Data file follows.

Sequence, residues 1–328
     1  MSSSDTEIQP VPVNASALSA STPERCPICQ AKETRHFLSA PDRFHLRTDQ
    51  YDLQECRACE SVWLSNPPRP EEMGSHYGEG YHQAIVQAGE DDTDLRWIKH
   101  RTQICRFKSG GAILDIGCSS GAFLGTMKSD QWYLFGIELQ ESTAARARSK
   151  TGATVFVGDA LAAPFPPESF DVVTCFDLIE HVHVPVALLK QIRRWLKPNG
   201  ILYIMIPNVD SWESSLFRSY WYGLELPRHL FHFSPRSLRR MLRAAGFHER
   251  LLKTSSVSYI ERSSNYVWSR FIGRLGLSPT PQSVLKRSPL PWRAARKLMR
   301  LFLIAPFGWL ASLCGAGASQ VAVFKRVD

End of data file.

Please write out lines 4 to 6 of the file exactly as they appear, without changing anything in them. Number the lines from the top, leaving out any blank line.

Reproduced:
   101  RTQICRFKSG GAILDIGCSS GAFLGTMKSD QWYLFGIELQ ESTAARARSK
   151  TGATVFVGDA LAAPFPPESF DVVTCFDLIE HVHVPVALLK QIRRWLKPNG
   201  ILYIMIPNVD SWESSLFRSY WYGLELPRHL FHFSPRSLRR MLRAAGFHER